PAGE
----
Manchester, along with the rest of Greater Manchester, has now been chosen to use a new form of testing. The tests are primarily designed for people who do not have symptoms of coronavirus (asymptomatic testing) and as the tests do not have to be sent away to a laboratory to be analysed, the results are available more quickly – approx 20 to 30 mins.
Asymptomatic testing will supplement existing symptomatic testing.
We are intending for this to be a targeted programme of regular testing, focusing on groups who are at higher risk of getting coronavirus, and those places where the potential risks of getting coronavirus are greatest.
Priority groups are likely to include: care homes, health and social care staff and school staff.
The first phase of it has started with Care Homes with a view to rolling out to more priority groups early in the New Year.
When can I get tested?
You will be notified of how to get tested if you are in one of the groups being offered testing, so please do not get in touch to try and book a test at this time.
Once testing is set up in your place of work, or there is a community site established where you can access testing you will be contacted directly with details about how you can get tested.
How can I get tested if I have coronavirus symptoms?
If you have coronavirus symptoms, book a test or by phone 119.
What are the asymptomatic tests?
Lateral flow tests (LFT) are rapid turnaround tests that are processed on site without any need for sending samples to a laboratory. The staff at the test sites have received special training to carry out the processing. Results are ready very quickly – normally within 30 minutes.
How accurate is the new lateral flow test?
Extensive clinical evaluation shows lateral flow tests are accurate and sensitive enough to be used in the community, including for asymptomatic people.
Lateral flow tests have been found to be highly sensitive in identifying those with high viral loads, meaning they are effective in identifying the cases who are infectious and are most likely to transmit the disease. The fast turnaround also allows positive people to isolate quickly, also reducing spread.
What happens if I test positive?
As part of the process, if you test positive using a ‘lateral flow’ test you must self-isolate for 10 days and book a polymerase chain reaction (PCR) test to confirm if you are infected with the virus (the message you receive won’t automatically advise you to do this).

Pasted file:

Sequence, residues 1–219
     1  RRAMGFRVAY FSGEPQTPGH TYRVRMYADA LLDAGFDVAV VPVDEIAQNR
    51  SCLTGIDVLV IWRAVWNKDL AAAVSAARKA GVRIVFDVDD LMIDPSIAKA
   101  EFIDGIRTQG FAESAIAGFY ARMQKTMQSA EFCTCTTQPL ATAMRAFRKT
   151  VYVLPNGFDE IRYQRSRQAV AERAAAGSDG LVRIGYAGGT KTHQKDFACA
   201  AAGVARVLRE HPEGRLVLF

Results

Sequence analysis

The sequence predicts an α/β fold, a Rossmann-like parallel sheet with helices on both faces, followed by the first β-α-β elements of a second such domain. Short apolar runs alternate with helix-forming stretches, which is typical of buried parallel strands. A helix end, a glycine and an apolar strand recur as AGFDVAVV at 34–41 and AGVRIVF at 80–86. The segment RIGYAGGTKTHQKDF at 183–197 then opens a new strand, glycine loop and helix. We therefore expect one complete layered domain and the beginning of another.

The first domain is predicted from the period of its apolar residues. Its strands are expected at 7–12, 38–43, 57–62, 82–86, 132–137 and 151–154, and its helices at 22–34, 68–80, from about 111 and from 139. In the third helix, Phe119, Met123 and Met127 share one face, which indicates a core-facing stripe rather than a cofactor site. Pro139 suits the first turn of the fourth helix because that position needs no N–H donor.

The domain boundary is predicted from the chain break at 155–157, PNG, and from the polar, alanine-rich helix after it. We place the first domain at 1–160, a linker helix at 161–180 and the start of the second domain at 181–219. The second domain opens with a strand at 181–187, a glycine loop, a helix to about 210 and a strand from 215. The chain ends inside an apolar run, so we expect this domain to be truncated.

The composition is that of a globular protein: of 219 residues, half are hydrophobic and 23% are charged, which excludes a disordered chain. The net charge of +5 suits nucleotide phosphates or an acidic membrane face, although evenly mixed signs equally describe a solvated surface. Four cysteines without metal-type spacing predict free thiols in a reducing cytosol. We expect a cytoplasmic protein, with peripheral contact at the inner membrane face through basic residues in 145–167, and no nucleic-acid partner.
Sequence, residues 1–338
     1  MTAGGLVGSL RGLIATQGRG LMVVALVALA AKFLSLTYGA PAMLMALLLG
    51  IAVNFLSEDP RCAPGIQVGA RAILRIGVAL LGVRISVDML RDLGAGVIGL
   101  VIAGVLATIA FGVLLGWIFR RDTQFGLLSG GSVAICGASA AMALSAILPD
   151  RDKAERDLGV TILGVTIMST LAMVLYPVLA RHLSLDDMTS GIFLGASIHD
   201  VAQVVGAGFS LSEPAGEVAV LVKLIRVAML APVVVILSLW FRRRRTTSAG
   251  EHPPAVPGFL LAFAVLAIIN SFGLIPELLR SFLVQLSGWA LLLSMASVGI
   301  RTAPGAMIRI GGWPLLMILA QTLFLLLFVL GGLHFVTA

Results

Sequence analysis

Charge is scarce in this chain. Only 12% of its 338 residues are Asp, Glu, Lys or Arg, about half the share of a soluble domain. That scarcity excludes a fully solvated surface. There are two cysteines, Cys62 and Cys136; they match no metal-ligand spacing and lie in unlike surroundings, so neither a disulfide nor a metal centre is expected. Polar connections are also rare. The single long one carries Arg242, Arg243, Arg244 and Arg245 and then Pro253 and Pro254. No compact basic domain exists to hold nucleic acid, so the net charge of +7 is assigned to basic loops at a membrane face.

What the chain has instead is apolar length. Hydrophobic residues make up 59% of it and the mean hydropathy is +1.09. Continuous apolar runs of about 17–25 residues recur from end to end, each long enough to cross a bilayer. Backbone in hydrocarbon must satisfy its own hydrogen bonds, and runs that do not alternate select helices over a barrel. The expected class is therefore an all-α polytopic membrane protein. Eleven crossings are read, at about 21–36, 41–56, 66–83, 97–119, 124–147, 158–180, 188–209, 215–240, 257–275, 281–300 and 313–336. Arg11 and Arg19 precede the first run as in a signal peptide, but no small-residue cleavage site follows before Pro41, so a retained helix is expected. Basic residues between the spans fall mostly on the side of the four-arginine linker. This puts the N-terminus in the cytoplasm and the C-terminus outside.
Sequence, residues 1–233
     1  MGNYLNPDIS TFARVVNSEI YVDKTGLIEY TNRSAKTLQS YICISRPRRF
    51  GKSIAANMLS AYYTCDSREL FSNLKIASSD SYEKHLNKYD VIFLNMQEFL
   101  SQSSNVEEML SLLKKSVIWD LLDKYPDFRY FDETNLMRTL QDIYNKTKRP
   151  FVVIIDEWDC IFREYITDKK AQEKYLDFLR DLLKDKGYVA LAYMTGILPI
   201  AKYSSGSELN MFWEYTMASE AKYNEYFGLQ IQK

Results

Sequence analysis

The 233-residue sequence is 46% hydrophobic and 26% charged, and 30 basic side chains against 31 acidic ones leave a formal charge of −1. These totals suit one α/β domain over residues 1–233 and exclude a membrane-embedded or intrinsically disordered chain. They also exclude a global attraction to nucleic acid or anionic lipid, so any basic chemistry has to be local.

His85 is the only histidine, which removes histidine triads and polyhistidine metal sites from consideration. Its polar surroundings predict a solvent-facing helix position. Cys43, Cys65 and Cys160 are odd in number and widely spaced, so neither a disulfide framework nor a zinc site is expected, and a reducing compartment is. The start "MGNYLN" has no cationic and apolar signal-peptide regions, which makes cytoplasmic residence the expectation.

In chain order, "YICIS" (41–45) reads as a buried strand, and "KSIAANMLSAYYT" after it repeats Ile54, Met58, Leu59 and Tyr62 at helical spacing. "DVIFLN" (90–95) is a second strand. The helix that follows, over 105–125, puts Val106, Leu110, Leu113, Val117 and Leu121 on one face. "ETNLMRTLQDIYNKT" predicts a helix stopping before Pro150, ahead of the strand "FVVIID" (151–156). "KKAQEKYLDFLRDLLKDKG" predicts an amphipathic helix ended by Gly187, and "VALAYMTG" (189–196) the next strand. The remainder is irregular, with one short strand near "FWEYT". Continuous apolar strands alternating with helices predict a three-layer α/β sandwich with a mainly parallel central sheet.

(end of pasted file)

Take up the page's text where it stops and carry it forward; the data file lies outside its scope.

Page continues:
This is because there is a possibility that some people who test positive with LFT are “false positive” and the gold standard PCR test will identify these.
If the confirmatory test result is negative, then you will no longer be required to self-isolate, and your contacts will no longer need to quarantine. You will still need to adhere to the national restrictions in place at that time (e.g. lockdown restrictions).If the confirmatory test comes back positive, then you must continue to isolate for 10 days from the date of your initial ‘lateral flow’ test.
Everyone in your household will be a ‘close contact’ and must also self-isolate for 10 days. Contact tracing will be initiated through NHS Test and Trace or local contact tracing team and other close contacts will be advised to quarantine for 10 days.
What support is available if I have to isolate
Please ask family, friends, neighbours or anyone else that you can call on first if you need support to isolate. This will help us to prioritise support for people who have no other means of supporting themselves. If you need support, we can help you to:
- find an emergency foodbank
- get help with your shopping
- ask for prescriptions to be collected
- chat to a friendly volunteer because you are lonely
- improve your mental health
- get help with an alcohol issue or stopping smoking
- ask for advice about an employment issue
- Access the self isolation support grants available
What happens if I test negative?
You must continue to follow the preventative measures currently recommended for stopping the spread of the virus.
You must continue to stay at home and avoid meeting people you do not live with, except for specific purposes. To protect yourself and others, you must remember:
Hands. Face. Space.
Hands – wash your hands for 20 seconds with soap and water often, and as soon as you get home – use hand sanitiser gel if soap and water are not available.
Face – wear a face covering in indoor settings where social distancing may be difficult, and where you will come into contact with people you do not normally meet.
Space – Stay at least 2 metres away from anyone you do not live with, or who is not in your support bubble